1. Poorly trained, socialized and maintained - | Dogs
that do not know how to coexist with humans, that do
not get to experience and become comfortable with
things in our world, or dogs who are confused or
allowed to be in positions where they may feel the
need to bite are more likely to bite. This includes
dogs left unattended in yards, as well as those that
are expected to behave and act just like humans.
2. Scared - Dogs react to things by either running
(flight) or trying to stop it (fight). Dogs that are
scared or anxious are more likely to bite.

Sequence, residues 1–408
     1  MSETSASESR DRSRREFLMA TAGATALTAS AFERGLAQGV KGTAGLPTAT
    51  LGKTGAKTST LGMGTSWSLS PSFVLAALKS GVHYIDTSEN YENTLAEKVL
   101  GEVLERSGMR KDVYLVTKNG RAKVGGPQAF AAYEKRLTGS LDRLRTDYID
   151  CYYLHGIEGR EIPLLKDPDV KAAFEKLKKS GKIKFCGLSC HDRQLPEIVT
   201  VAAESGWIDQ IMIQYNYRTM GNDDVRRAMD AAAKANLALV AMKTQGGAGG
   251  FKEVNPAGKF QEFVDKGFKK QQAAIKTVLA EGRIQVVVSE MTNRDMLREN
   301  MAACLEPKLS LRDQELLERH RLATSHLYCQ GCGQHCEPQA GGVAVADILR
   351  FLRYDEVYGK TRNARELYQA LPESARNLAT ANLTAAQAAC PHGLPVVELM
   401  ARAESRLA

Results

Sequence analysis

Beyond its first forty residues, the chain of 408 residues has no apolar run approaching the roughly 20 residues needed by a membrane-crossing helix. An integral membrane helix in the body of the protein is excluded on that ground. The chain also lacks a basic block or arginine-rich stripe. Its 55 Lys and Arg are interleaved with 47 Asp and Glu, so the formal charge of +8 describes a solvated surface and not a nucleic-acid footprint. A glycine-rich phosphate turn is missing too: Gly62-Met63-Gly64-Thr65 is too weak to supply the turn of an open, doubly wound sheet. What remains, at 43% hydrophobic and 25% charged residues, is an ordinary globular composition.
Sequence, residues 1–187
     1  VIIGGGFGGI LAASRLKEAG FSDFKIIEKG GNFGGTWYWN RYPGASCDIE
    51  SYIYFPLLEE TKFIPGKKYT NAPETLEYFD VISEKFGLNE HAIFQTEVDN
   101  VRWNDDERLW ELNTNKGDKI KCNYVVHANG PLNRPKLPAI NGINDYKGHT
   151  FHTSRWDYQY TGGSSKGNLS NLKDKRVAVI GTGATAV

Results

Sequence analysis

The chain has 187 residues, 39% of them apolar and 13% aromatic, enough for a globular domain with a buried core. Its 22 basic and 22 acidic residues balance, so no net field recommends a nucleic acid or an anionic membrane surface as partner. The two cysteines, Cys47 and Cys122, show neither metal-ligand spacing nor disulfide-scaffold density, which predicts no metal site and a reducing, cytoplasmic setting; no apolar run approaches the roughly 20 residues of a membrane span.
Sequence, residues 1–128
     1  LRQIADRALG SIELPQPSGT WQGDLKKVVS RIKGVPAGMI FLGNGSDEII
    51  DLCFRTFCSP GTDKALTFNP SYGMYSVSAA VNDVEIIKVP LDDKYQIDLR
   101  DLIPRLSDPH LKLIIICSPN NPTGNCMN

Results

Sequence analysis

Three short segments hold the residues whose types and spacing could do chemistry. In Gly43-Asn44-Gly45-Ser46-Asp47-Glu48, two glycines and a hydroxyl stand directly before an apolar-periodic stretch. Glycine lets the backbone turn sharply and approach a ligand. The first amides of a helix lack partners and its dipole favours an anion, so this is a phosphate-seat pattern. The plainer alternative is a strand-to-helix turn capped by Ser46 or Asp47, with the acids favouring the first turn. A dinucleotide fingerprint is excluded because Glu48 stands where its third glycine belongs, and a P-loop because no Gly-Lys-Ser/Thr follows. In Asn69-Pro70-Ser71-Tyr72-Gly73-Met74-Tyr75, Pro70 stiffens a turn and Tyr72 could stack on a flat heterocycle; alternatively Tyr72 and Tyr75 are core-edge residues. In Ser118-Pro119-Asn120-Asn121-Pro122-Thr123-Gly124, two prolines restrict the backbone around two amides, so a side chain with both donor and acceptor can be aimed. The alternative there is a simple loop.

3. Skittish - Owners should teach their dogs to
tolerate noises, to become accustomed to being handled
(tails grabbed, ears touched, mouths opened, etc.). A
dog that will not tolerate things is more likely to
4. Feeling ill or hurt - A dog that is not feeling
well or having a bad day is more likely to bite.
5. Overly excited - Bites often happen when play gets
too rough. The dog learns that biting and roughhousing
are acceptable. Overexcitement and "hyper" behavior
can occur when a dog is not getting enough exercise,
both physical and mental.
6. New mothers - Like all species, mother dogs are
protective of babies and may not want humans handling
7. Sleeping - Let them lie. Startling a sleeping dog
can lead to a bite.
This information was supplied by:
The Safe Kids/Safe Dogs Project